Mr. Bubble, Pink Super Hero

Life comes with a lot of problems, too numerous to list here. And when extreme weather strikes, we often look to our governments to help the recovery. That was certainly the case when Hurricane Maria struck Puerto Rico in September of 2017 — the storm caused perhaps as much as $10 billion in damage and claimed the lives of nearly 3,000 people on the island. Even a year later, Puerto Ricans were struggling to return to a pre-storm state. In the summer of 2018, the Washington Post and Kaiser Family Foundation polled a1,500 Puerto Ricans, asking (among other things) where more government investment was needed, and most of the results shouldn’t be a surprise. More than half (54%) wanted more money to go toward rebuilding hotels and tourist attractions, a prime driver of the economy. Roughly three-quarters of respondents thought that more resources needed to go toward repairing schools, the electrical grid, and people’s homes. 

But topping that list? An overwhelming majority of respondents — 93% — wanted the government to put more resources toward “repairing roads and highways.” Or, as one person told the Washington Post, “Welcome to the island of corruption, bankruptcy and the bumpy roads. We got more craters here than the moon.”

Which is probably why this guy exists.

That, via CBS News reporter David Begnaud, is Enrique Rivera — at least, when he’s not in costume. When he’s out in, let’s say, uniform, he goes by another name: Pink Bubbles Superhero.

In August of 2021, Rivera, “tired of the government inaction” according to this profile on One Caribbean Television, decided to transform himself into Pink Bubbles Superhero. (He claims — jokingly, we’re sure — to be “a former superhero from the Pink Planet” who was sent by his home planet’s governor to help.) Armed with cans of spray paint, pink boots bearing the Puerto Rican flag, a tutu, cape, a “PB” logo, and of course, a smile, he marks the potholes with basic designs, partially if not primarily in an effort to shame the government into actually fixing the holes. His efforts also help drivers stay safe until the holes can be fixed; as he told CNN, he specifically chooses bright colors (for the paint, not just for his outfit) so that cars can see the potholes at night and in the rain.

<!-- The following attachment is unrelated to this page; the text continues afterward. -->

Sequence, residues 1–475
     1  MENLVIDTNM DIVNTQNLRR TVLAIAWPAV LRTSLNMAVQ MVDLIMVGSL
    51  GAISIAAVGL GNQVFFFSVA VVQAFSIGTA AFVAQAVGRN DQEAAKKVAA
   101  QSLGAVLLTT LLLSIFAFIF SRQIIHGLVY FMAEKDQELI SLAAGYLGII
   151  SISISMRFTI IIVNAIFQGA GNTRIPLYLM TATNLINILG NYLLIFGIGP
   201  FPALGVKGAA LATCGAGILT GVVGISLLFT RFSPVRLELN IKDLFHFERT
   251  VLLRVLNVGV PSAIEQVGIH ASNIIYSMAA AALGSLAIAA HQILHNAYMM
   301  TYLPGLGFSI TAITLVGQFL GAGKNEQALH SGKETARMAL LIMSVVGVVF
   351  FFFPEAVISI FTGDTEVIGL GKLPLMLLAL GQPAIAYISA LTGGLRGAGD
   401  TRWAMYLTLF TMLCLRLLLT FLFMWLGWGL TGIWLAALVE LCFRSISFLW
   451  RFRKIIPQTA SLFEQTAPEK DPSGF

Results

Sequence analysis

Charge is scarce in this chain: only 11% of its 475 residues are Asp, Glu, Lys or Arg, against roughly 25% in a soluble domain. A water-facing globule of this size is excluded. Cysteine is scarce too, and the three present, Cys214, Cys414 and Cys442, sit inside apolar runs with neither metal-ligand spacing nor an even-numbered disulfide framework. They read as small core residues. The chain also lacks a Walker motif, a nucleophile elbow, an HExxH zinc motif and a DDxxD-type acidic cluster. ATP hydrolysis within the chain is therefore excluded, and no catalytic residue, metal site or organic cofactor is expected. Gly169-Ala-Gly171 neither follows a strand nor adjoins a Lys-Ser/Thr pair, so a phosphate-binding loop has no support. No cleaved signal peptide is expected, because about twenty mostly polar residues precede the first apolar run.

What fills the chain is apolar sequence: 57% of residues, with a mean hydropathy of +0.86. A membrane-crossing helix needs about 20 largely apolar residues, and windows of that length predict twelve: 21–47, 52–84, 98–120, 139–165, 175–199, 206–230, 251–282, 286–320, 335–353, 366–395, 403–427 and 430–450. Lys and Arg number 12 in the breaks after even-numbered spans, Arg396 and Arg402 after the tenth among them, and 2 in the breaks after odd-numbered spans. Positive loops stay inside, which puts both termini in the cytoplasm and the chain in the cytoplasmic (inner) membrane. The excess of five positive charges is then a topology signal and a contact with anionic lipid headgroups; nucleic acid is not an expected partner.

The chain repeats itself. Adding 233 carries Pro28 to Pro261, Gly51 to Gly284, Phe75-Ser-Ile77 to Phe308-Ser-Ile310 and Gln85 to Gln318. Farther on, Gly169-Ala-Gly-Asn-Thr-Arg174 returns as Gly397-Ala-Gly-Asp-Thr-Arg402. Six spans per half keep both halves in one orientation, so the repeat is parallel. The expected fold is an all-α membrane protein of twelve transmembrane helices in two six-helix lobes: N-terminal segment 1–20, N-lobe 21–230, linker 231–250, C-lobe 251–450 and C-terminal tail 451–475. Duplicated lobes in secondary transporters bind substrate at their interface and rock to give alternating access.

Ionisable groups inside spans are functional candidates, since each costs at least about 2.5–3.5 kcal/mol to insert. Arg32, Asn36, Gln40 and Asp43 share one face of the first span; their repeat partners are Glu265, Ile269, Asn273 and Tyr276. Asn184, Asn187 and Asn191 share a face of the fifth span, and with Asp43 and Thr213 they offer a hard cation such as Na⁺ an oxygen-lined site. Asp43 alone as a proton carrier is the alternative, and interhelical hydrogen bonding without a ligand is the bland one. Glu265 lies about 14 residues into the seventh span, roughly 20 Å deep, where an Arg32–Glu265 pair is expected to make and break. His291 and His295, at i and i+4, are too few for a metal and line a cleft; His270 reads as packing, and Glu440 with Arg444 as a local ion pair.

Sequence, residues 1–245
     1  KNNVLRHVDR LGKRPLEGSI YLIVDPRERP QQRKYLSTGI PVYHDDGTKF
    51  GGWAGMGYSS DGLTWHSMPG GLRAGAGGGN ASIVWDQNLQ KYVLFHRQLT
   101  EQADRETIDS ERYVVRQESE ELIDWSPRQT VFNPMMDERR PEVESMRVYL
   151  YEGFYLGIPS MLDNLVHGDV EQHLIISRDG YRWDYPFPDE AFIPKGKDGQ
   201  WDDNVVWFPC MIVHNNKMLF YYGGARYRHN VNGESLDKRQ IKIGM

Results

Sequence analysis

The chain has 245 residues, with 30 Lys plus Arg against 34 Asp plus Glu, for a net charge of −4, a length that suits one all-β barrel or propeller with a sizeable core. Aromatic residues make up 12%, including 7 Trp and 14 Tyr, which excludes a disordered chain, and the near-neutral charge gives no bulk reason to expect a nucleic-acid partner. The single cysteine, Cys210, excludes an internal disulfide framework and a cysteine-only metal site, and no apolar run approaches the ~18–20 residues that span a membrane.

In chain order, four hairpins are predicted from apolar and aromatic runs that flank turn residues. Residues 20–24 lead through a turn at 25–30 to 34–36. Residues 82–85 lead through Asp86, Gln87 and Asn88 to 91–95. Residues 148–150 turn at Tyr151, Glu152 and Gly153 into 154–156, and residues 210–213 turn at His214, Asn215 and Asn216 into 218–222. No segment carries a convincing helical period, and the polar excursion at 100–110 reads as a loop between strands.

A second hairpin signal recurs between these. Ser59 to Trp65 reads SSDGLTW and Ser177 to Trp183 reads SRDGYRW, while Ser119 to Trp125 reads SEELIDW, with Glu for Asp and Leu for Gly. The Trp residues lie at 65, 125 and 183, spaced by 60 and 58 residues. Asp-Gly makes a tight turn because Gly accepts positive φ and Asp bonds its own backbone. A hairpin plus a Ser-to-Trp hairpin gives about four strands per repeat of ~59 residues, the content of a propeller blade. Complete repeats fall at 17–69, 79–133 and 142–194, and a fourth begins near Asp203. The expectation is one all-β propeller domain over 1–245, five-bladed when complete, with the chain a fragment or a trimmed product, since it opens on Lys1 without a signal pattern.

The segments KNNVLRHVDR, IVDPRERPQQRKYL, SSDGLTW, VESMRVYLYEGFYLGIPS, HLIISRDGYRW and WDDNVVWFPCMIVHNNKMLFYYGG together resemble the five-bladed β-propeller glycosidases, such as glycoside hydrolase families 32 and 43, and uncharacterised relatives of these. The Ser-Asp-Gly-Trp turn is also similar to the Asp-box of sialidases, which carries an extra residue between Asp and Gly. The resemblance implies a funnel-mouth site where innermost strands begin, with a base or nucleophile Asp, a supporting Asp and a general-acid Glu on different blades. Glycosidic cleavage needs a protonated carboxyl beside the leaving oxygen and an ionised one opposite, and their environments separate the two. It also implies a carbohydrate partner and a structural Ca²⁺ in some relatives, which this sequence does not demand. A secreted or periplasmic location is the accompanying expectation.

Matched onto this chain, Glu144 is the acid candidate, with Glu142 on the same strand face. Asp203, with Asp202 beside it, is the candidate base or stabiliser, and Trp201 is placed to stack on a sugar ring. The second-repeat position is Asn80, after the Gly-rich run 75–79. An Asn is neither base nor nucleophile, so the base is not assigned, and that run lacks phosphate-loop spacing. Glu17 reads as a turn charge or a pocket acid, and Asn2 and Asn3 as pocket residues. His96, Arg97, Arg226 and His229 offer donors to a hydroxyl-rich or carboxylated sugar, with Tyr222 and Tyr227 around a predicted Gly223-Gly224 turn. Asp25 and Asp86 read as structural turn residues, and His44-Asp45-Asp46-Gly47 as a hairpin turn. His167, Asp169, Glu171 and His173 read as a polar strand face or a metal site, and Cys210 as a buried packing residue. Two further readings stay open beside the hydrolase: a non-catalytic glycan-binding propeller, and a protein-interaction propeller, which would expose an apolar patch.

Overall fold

And his efforts appeared to be effective. Per both news reports, potholes tagged by the man from Planet Pink didn’t last for very long after the hero swooped into action; the government filled in the holes within two or three days. But unfortunately for those whose roads are still damaged, it’s unlikely Pink Bubbles will visit them anytime soon. After raising a few hundred dollars to buy more paint, Rivera announced on a GoFundMe page that “Pink Bubbles has decided to shift his efforts to political action to solve the pothole problem” and has retired from painting them.

Bonus fact: Pink Bubbles isn’t the only person to use the power of shame to embarrass governments into fixing streets — and one type of intervention doesn’t even require a superhero. In 2017, a Kansas City man named Frank Sereno threw a 3-month birthday party for a pothole in his neighborhood, “complete with a slice of cake with a candle on top” as reported by CNN. Sereno did not sing to the pothole, but he did post the photo to Facebook, which sparked local authorities into action — the hole was filled within a few days. And some Puerto Ricans have employed a similar tactic. Again per David Begnaud, on September 20, 2021, residents of Orocovis, Puerto Rico through a four-year (!!) birthday party for a Maria-caused pothole and posted photos to social media; five days later, the pothole was finally fixed. 

From the Archives: Blue Ear: Another bespoke superhero — with a really great reason for being.